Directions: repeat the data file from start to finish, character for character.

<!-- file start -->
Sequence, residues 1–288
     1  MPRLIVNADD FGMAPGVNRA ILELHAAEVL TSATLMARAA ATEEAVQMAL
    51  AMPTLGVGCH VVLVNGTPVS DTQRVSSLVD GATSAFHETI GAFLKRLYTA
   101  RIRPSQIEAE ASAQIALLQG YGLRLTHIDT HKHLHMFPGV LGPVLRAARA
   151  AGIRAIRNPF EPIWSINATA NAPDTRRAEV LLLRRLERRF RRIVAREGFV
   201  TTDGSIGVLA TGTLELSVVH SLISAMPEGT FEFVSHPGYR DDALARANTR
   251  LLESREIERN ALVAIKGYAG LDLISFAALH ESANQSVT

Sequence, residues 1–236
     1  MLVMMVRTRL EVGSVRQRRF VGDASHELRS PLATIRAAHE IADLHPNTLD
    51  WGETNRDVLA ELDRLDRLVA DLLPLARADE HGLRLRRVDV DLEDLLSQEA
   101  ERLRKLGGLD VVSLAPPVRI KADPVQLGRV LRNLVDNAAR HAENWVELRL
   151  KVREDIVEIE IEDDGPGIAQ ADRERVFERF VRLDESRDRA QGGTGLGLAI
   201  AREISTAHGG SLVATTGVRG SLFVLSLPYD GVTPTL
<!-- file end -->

Sequence, residues 1–288
     1  MPRLIVNADD FGMAPGVNRA ILELHAAEVL TSATLMARAA ATEEAVQMAL
    51  AMPTLGVGCH VVLVNGTPVS DTQRVSSLVD GATSAFHETI GAFLKRLYTA
   101  RIRPSQIEAE ASAQIALLQG YGLRLTHIDT HKHLHMFPGV LGPVLRAARA
   151  AGIRAIRNPF EPIWSINATA NAPDTRRAEV LLLRRLERRF RRIVAREGFV
   201  TTDGSIGVLA TGTLELSVVH SLISAMPEGT FEFVSHPGYR DDALARANTR
   251  LLESREIERN ALVAIKGYAG LDLISFAALH ESANQSVT

Sequence, residues 1–236
     1  MLVMMVRTRL EVGSVRQRRF VGDASHELRS PLATIRAAHE IADLHPNTLD
    51  WGETNRDVLA ELDRLDRLVA DLLPLARADE HGLRLRRVDV DLEDLLSQEA
   101  ERLRKLGGLD VVSLAPPVRI KADPVQLGRV LRNLVDNAAR HAENWVELRL
   151  KVREDIVEIE IEDDGPGIAQ ADRERVFERF VRLDESRDRA QGGTGLGLAI
   201  AREISTAHGG SLVATTGVRG SLFVLSLPYD GVTPTL